While the giant ape in Kong: Skull Island may not climb any New York skyscrapers this time around, he certainly did climb the box office charts. The latest Warner Bros. monster movie shot all the way to the top spot in its opening weekend, with Logan and the surprising hit Get Out both shifting one spot down to accommodate him.
Between the epic run of Game of Thrones and the impressive first season of Westworld, odds are good that you’re currently rocking an annual subscription to HBO or HBOGo. Few networks are still in the business of appointment television, but with social media sites like Twitter exploding into a flurry of spoilers after each new episode of both shows, fans are finding that their only real options are to watch on time or to not watch at all. In fact, we can sometimes get so caught up in the flurry of long-form television that we forget that HBO has some pretty darn good movies, too.
While Tom Holland’s introduction as Spider-Man in Captain America: Civil War has to be considered a rousing success, perhaps our favorite part of the character was what we didn’t see: namely, yet-another origin story that puts him through the familiar paces of spiders, wrestling, and that old yarn about great power and great responsibility. Any self-professed Spider-Man fan knows Peter Parker’s history like the back of his hand; the fact that Captain America: Civil War was content to pick up the character’s life midstream bodes well for Marvel’s approach to the character in Spider-Man: Homecoming.
It seems like the only time that people talk about trailers is to complain about them in some fashion. They gave away too much, they gave away too little, they didn’t feature the right colors or characters or soundtrack. It’s tough to cut an enticing movie trailer in 2016, not least of all because of our culture’s increasing hand-wringing about what constitutes a spoiler. A good trailer — one that gives you just enough without giving you everything — should be celebrated as its own miniature art form.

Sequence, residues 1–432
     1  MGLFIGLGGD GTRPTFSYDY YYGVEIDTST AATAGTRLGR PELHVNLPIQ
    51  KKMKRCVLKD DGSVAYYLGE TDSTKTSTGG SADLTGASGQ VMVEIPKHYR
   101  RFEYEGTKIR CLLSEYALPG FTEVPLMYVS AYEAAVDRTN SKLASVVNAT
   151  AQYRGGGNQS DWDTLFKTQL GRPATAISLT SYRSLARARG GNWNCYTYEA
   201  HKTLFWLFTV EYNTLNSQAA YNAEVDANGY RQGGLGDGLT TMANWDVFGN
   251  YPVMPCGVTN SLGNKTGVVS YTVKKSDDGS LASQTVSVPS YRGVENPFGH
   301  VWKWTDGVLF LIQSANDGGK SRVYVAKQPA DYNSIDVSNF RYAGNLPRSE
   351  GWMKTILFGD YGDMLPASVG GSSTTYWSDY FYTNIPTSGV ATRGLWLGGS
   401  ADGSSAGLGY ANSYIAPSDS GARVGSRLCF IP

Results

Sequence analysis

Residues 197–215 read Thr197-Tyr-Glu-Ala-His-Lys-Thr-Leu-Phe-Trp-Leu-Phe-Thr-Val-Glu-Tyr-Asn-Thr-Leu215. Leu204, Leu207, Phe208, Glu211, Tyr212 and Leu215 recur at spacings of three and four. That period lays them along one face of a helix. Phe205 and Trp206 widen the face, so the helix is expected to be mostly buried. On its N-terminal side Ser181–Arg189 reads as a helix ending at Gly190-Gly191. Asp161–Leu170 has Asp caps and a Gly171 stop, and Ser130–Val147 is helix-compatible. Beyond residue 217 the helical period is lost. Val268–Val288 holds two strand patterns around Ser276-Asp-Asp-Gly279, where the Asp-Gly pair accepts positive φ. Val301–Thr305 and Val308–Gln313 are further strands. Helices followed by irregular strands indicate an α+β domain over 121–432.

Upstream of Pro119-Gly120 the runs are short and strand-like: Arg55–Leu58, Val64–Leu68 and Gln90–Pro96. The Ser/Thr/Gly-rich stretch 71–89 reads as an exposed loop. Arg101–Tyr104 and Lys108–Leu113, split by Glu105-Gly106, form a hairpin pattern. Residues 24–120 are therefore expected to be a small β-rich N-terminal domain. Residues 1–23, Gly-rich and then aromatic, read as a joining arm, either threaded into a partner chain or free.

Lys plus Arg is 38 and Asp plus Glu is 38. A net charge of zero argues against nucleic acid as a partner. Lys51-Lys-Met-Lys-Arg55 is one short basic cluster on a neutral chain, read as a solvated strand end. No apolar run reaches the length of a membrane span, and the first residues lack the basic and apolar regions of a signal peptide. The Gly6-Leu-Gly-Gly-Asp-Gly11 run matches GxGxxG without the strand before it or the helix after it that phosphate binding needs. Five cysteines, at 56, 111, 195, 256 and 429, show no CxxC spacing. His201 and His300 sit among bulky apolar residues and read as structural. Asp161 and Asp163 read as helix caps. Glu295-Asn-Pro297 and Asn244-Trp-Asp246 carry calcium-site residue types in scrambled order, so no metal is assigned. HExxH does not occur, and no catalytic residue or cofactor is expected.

The fact that Stan Lee is guaranteed to appear in nearly every single Marvel movie is one of those small little charms of the Marvel Cinematic Universe that I hope never goes away. Sure, some people probably view it as an annoying break in the fourth wall, but it also reminds audiences that we are watching a superhero comic book movie. These movies don’t need to choose between being cartoonish and deadly serious; they can be both, often at the same time, and Stan Lee always helps drive that point home.
I’m sure there’s a point at which movies like Groundhog Day and Edge of Tomorrow will lose their appeal to me, but that day is not today. A story that centers on a character forced relive a certain period of time — to repeat his or her actions until they get them just right — might be seeing an uptick in popularity due to video games, but how many times have wanted to have a moment of our day back so we could do it again? So this first trailer for Netflix’s upcoming film Arq pushes all the right buttons for me as both a fan of science-fiction and a fan of, you know, obsessing over moments of my life.